Sue Will

  • Goodbye face to face hello Facebook

    Sue Will and Julie Fowlie, University of Brighton

    Research seminar

    Themes: teaching methods, course and programme design, graduate outcomes, supporting learners

    Tuesday 8 September 2009, 10.10 - 11.10 in room G60

    The research investigates innovative ways of using technology to support learning when dealing with large numbers of students within the Brighton Business School (BBS).  The BBS mentoring project covers around 650 students as a combined total of first and final year students.

    This research project investigates if social network sites can be used to help develop a more effective mentoring relationship between first and final year students within the Brighton Business School. It also seeks to determine if the quality of the relationship is improved by encouraging students to keep in contact and share experiences of learning with each other in this way. In particular it seeks to:

    • To maintain and develop an exciting, relevant, up to date and engaged curriculum
    • To encourage and enable innovation and leading-edge practice in use of learning technologies.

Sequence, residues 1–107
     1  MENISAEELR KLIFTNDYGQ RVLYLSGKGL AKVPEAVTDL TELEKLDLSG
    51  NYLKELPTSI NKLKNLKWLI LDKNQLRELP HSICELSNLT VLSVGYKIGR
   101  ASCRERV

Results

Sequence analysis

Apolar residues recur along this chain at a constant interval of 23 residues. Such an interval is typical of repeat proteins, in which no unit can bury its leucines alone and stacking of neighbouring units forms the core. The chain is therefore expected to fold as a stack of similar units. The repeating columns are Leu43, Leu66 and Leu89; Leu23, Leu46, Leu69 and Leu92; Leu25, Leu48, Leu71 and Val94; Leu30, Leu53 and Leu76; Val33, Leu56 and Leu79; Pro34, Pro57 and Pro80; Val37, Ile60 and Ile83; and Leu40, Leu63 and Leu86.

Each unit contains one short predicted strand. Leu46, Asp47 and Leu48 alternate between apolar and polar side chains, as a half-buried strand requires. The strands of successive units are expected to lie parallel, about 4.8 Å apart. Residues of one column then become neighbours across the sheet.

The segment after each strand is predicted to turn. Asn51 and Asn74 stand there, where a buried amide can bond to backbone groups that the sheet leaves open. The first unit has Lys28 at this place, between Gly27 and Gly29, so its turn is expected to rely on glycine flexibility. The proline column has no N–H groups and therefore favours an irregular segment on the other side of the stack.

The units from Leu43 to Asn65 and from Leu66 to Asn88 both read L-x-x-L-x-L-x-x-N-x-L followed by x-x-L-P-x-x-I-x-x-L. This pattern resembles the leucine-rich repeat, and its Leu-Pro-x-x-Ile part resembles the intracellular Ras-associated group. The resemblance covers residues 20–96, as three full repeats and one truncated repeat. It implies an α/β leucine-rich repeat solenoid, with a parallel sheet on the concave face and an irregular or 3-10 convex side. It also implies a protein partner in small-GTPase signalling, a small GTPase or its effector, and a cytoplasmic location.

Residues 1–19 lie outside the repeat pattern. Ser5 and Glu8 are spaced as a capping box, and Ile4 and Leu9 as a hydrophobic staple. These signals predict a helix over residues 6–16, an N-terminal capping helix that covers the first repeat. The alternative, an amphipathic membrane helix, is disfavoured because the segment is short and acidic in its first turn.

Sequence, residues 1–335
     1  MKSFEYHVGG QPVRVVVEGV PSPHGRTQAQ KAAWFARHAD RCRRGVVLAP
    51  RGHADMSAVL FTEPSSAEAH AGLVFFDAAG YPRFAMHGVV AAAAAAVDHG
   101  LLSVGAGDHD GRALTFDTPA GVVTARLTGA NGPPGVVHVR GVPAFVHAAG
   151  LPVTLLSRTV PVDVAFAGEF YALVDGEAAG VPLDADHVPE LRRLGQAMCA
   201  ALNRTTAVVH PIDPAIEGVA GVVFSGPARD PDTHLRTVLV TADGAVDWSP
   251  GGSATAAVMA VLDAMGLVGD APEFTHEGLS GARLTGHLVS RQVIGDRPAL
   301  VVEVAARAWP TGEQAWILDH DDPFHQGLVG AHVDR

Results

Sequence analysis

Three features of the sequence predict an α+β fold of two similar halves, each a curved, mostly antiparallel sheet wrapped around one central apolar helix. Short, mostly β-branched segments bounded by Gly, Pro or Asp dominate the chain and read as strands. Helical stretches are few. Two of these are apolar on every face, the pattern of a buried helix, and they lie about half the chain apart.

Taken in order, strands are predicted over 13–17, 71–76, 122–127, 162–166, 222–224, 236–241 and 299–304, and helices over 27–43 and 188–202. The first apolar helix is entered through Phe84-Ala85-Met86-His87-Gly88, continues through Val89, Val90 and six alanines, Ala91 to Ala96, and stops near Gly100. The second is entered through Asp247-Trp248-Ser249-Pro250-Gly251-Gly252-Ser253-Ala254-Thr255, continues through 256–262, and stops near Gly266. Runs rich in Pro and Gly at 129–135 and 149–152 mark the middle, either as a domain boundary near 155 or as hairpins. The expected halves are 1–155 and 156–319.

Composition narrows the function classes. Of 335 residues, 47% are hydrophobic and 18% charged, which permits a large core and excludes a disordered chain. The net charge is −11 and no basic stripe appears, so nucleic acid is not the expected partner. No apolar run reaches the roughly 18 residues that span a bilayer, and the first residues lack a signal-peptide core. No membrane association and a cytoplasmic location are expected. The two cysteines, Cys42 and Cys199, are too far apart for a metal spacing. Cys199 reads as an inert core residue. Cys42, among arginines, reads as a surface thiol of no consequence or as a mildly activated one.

• To further the development of creative relationships between teaching and learning and economic and social engagement.

    Facebook is a framework that is familiar to most students and is used by a large proportion to share information and exchange knowledge and ideas. Although it is primarily a social network site it has the potential for use in other ways for example in a mentoring capacity. The project is therefore seeking to engage with student learning in a medium and space that is already utilised by them without being potential seen as university initiated.  It also provides a virtual tutor presence whereby the course tutors can respond to student’s queries giving guidance and support when necessary.

    The work is informed and supported by a theoretical context to include aspects of communication strategy, interpersonal behaviour and emotional intelligence. A range of key theorists are used to underpin the research and provide a body of knowledge against which social network sites can be explored. Development in new technologies is also reviewed in relation to understanding the potential purpose of social network sites.

    The research follows an interpretivist approach within the framework of a case study. The methodologies employed involve the setting up of a Facebook account and establishing a BBS Mentoring Group page. First and final year students are invited to join the ‘Group’. Activity is monitored on how the site is used by students in terms of the transactions carried out and its usefulness in formulating and maintaining the mentoring relationship. A series of questionnaires to both first and final year students provide data on usage and relevance. This is followed up by a series of focus groups in order to obtain more specific and detailed information for analysis.